R has many *apply functions which are ably described in the help files (e.g. `?apply`

). There are enough of them, though, that beginning users may have difficulty deciding which one is appropriate for their situation or even remembering them all. They may have a general sense that “I should be using an *apply function here”, but it can be tough to keep them all straight at first.

Despite the fact (noted in other answers) that much of the functionality of the *apply family is covered by the extremely popular `plyr`

package, the base functions remain useful and worth knowing.

This answer is intended to act as a sort of **signpost** for new users to help direct them to the correct *apply function for their particular problem. Note, this is **not** intended to simply regurgitate or replace the R documentation! The hope is that this answer helps you to decide which *apply function suits your situation and then it is up to you to research it further. With one exception, performance differences will not be addressed.

**apply** – *When you want to apply a function to the rows or columns of a matrix (and higher-dimensional analogues); not generally advisable for data frames as it will coerce to a matrix first.*

```
# Two dimensional matrix
M <- matrix(seq(1,16), 4, 4)
# apply min to rows
apply(M, 1, min)
[1] 1 2 3 4
# apply max to columns
apply(M, 2, max)
[1] 4 8 12 16
# 3 dimensional array
M <- array( seq(32), dim = c(4,4,2))
# Apply sum across each M[*, , ] - i.e Sum across 2nd and 3rd dimension
apply(M, 1, sum)
# Result is one-dimensional
[1] 120 128 136 144
# Apply sum across each M[*, *, ] - i.e Sum across 3rd dimension
apply(M, c(1,2), sum)
# Result is two-dimensional
[,1] [,2] [,3] [,4]
[1,] 18 26 34 42
[2,] 20 28 36 44
[3,] 22 30 38 46
[4,] 24 32 40 48
```

If you want row/column means or sums for a 2D matrix, be sure to investigate the highly optimized, lightning-quick `colMeans`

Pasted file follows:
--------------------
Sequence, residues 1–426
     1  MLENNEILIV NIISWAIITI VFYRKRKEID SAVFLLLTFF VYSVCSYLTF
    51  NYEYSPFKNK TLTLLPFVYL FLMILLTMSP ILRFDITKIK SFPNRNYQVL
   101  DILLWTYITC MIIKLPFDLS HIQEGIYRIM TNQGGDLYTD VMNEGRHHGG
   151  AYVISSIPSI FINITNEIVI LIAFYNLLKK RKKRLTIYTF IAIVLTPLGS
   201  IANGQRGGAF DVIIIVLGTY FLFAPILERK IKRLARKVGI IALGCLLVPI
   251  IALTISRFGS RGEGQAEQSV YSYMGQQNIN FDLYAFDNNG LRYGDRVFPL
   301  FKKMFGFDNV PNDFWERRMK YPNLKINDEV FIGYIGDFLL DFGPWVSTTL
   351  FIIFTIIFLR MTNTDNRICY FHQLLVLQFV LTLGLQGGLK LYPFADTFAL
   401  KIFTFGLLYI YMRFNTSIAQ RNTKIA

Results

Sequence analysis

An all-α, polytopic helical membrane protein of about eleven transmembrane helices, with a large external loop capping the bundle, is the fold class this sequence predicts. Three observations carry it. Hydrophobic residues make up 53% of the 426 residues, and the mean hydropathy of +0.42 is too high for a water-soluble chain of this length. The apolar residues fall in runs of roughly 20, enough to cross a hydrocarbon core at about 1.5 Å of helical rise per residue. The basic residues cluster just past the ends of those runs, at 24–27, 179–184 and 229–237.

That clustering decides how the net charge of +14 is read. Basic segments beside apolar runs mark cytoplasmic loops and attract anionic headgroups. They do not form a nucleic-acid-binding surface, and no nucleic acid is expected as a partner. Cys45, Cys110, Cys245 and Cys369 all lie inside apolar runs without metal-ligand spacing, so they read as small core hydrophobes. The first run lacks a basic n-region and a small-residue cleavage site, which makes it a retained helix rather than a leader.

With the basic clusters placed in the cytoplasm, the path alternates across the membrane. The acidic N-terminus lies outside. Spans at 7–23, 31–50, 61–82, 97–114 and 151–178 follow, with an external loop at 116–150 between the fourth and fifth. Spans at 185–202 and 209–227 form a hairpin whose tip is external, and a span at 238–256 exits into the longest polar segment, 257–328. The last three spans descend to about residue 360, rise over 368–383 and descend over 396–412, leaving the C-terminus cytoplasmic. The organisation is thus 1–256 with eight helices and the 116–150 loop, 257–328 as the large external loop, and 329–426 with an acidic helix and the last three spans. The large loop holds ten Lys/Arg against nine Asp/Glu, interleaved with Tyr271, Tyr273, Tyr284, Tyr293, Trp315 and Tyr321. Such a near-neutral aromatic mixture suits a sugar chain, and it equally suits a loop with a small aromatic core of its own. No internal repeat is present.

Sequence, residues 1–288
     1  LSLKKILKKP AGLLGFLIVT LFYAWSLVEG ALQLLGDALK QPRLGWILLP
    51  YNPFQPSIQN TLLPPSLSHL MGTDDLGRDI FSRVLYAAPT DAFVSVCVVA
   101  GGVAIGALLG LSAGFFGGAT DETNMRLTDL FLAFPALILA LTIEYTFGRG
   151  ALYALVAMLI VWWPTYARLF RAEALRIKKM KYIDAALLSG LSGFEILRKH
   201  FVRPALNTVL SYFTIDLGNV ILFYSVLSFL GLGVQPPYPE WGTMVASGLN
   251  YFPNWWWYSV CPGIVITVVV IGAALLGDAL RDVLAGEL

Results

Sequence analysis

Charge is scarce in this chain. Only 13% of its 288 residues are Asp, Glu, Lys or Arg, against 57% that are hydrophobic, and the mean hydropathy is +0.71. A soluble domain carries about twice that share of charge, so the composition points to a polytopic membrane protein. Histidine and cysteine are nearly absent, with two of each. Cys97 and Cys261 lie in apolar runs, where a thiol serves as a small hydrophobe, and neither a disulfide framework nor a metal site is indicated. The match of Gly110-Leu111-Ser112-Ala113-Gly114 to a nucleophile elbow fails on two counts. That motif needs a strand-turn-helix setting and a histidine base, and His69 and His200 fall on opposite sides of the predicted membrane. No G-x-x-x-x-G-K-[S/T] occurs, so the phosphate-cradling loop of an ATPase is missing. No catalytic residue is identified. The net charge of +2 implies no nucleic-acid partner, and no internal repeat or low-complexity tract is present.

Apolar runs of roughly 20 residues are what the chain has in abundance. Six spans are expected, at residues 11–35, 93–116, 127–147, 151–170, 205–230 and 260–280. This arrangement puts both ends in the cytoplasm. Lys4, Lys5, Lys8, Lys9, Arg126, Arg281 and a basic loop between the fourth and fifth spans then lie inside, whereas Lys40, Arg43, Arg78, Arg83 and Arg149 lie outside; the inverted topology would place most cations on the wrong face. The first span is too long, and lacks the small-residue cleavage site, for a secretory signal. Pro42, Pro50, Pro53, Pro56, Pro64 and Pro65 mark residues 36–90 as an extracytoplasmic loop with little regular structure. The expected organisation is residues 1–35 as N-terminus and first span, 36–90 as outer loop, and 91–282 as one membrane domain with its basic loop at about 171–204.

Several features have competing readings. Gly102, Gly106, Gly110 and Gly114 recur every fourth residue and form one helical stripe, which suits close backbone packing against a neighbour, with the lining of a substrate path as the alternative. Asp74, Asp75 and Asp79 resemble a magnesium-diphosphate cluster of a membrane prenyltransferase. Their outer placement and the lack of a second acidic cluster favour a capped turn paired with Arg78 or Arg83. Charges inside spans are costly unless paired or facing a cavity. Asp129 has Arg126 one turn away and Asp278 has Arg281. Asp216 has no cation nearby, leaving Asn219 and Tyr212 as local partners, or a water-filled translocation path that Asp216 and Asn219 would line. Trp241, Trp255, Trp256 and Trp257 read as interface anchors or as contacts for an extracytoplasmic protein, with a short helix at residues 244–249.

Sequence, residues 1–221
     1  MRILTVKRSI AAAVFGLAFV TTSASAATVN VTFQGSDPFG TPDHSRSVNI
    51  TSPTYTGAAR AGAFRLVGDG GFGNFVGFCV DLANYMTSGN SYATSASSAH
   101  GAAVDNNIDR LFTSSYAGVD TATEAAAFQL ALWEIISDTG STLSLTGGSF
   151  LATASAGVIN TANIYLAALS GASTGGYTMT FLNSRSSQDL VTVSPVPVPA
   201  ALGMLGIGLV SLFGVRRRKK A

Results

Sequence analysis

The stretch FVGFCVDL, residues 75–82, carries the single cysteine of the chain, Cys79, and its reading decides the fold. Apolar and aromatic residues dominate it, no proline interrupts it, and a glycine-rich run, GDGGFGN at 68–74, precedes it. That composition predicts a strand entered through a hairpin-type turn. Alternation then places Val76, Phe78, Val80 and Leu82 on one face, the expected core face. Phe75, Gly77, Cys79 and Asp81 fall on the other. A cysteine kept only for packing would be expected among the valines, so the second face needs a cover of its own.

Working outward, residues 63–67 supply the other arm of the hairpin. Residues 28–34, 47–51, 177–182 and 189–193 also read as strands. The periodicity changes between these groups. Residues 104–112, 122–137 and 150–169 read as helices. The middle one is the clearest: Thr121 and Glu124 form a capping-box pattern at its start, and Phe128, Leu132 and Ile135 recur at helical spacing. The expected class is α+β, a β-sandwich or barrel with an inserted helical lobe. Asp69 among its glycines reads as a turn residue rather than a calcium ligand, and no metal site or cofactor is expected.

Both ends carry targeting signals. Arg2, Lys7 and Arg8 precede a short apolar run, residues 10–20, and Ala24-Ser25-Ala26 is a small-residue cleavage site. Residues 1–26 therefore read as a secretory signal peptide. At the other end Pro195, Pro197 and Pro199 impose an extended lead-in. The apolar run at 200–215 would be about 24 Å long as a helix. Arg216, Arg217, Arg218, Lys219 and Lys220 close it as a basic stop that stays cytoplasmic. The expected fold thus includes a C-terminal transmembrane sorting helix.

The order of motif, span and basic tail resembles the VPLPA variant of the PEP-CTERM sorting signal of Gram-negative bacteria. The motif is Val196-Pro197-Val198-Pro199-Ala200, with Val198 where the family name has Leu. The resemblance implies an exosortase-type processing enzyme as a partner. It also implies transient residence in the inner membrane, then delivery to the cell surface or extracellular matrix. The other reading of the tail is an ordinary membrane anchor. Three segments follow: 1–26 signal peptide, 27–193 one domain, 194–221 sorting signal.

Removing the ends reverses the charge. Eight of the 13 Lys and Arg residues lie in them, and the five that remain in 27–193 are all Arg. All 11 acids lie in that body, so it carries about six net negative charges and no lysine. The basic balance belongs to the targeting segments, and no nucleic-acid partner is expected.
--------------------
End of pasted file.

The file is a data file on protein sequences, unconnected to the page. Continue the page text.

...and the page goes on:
, `rowMeans`

, `colSums`

, `rowSums`

.

**lapply** – *When you want to apply a function to each element of a list in turn and get a list back.*

This is the workhorse of many of the other *apply functions. Peel back their code and you will often find `lapply`

underneath.

```
x <- list(a = 1, b = 1:3, c = 10:100)
lapply(x, FUN = length)
$a
[1] 1
$b
[1] 3
$c
[1] 91
lapply(x, FUN = sum)
$a
[1] 1
$b
[1] 6
$c
[1] 5005
```

**sapply** – *When you want to apply a function to each element of a list in turn, but you want a vector back, rather than a list.*

If you find yourself typing `unlist(lapply(...))`

, stop and consider `sapply`

.

```
x <- list(a = 1, b = 1:3, c = 10:100)
#Compare with above; a named vector, not a list
sapply(x, FUN = length)
a b c
1 3 91
sapply(x, FUN = sum)
a b c
1 6 5005
```

In more advanced uses of `sapply`

it will attempt to coerce the result to a multi-dimensional array, if appropriate. For example, if our function returns vectors of the same length, `sapply`

will use them as columns of a matrix:

` sapply(1:5,function(x) rnorm(3,x))`

If our function returns a 2 dimensional matrix, `sapply`

will do essentially the same thing, treating each returned matrix as a single long vector:

` sapply(1:5,function(x) matrix(x,2,2))`